On the ladder today the gardener of the house admitted that Lady Banks (Rosa Banksiae lutea) may be nearing the end of her tenure here; at least 60 percent of her will be gone by November - her fate beyond that dependent on the ability to keep her under control for one more year. She begins to undermine the very structure that supports her , and shade she casts in summer is welcome indoors, but not helpful to the garden to her north. Removal would be bittersweet-there is nothing quite like her in early spring, the soft yellow in profusion all along every cane and drooping over the patio. And what would replace her ? Must be deciduous, must have clean foliage, must have flower , must not take over the entire house. Is there such a thing ? Can Lady Banks be molded into submission ?
A sure sign of the fall into winter journey is the appearance of fog inland from the coast. Not to be confused with the marine layer , this fog lays low to the ground and somehow diffuses sounds into a muffled quiet. This morning I was surprised to see the fog; It was summer just a few days ago.
..and the temperature says it's summer. This happens in September, summertime's grasping the cliff ridge by it's fingernails before plunging into the gorge. But mornings are cool, the sun slants and hits the gardens in a pleasing way, and everything of substance that is done is forward looking- now we start to think about next year- the mistakes of this year are still right there in our face. I continue to dig up,move or discard green-kids that don't pull their weight. Some will be given away. Things will cool off, frost will come, and then the rain (we hope) and we will go inside and write plans on paper , preparing for Spring.
Shorter days and colder nights raise the level of tolerance for the high temps in September. At least this year. Evenings are beautiful and golden , frost is (one hopes) another 4 to 6 weeks off, and the only beast is the mildew.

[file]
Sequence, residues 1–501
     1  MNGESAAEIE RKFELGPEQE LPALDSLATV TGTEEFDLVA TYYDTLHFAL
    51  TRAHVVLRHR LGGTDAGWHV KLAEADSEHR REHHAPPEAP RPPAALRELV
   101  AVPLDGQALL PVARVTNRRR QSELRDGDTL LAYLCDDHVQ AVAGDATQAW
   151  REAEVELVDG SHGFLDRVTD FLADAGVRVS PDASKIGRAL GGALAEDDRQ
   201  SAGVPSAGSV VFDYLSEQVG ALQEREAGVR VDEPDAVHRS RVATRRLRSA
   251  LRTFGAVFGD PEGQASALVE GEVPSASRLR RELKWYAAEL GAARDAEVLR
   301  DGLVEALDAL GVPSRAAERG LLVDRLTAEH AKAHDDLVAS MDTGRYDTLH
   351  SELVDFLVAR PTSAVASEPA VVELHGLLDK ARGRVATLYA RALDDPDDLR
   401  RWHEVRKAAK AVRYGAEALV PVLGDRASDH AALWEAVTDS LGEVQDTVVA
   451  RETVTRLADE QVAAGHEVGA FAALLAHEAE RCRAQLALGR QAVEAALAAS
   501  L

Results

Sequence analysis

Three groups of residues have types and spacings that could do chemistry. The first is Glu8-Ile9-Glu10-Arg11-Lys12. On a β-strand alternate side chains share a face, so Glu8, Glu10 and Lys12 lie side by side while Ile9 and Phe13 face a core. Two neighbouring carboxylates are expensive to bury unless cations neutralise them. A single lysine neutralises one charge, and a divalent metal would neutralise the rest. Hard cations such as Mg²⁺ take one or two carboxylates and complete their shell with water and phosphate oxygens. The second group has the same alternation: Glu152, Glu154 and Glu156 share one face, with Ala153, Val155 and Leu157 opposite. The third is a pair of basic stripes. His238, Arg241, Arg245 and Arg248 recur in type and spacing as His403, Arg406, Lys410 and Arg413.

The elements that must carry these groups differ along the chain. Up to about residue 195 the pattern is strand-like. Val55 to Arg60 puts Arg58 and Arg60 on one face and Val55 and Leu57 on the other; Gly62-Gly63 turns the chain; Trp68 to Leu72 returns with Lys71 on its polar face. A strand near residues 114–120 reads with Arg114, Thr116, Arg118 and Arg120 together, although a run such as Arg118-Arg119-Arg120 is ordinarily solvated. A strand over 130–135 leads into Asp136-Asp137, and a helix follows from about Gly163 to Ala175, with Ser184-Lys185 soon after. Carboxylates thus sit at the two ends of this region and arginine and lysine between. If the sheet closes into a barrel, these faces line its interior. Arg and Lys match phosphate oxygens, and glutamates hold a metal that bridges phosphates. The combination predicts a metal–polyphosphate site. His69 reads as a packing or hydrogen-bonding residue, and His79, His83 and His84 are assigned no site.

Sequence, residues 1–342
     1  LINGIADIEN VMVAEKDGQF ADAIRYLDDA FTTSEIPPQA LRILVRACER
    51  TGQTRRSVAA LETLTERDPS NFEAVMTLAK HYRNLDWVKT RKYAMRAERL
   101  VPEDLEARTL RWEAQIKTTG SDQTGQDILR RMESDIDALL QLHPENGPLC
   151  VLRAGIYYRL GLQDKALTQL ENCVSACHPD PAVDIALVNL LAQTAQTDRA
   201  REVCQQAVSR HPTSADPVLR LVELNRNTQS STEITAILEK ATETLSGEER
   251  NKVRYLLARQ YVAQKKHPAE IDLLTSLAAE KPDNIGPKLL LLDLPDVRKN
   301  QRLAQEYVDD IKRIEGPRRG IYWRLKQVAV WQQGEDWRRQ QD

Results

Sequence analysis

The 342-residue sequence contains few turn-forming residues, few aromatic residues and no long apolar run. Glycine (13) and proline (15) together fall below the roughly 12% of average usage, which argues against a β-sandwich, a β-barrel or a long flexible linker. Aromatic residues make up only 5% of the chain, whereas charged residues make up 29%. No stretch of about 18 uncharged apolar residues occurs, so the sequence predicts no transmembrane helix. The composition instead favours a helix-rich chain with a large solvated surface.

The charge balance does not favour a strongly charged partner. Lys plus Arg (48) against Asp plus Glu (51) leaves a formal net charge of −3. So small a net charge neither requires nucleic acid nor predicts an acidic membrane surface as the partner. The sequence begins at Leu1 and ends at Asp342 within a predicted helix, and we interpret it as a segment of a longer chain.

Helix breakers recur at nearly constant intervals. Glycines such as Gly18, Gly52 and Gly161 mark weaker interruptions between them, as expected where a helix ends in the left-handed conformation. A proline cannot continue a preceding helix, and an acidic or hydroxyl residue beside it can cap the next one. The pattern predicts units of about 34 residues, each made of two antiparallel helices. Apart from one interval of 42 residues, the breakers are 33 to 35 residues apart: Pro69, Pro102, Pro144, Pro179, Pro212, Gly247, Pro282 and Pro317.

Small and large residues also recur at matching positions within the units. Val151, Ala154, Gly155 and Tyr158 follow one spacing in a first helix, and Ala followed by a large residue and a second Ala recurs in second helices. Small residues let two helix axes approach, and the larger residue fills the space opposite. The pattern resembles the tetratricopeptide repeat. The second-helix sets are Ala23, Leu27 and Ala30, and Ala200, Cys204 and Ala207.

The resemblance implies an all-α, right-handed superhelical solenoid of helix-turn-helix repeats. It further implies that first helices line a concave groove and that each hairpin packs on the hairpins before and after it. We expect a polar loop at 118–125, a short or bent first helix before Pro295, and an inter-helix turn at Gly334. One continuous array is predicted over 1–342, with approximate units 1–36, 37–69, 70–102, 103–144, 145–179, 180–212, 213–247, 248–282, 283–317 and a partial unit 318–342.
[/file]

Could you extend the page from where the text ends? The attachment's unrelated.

I start to think about winter color now, Iceland Poppies, Pansies, Snaps-- and even kale ..the experiment with kale last year was wonderful-but only briefly . Aphids seem to colonize the stuff, and the damn snails think they are Hostas. I will try again, with preventative measures.
This inauguaral event seemed like a magnet for the Northern California gardening cognoscenti ; conversations overheard included snippets of garden writer conversations, chat of Garden Rant, Saxon Holt with his own table and the food was better than that of the the SF show. (Not a stretch). It would be neccesary to attend most of the lectures to keep one occupied all day, and I opted out- the venue for lectures was substantially smaller than it needed to be. Further, the vendors were all quality-nothing schlocky to be found, however many of them were given booths that only one or two people could access at a time.This gardener would have absolutely bought plants had the logistics been better. The display gardens were wonderful, edgy, hip and thought provoking..they were in fact living art ,not really gardens at all.
Great hopes for the potential of this show in the future, particularly if the speaker line up and the plant vendors there are any indication of credibility .
Friday is a personal favorite; the lift-off for the gardening week. No overtly muscular tasks are performed, only the business that can be achieved while strolling. This may include watering , removal of the spent flower or wizened leaf, the slight shifting of a container location , and tuna-treats for Doobie.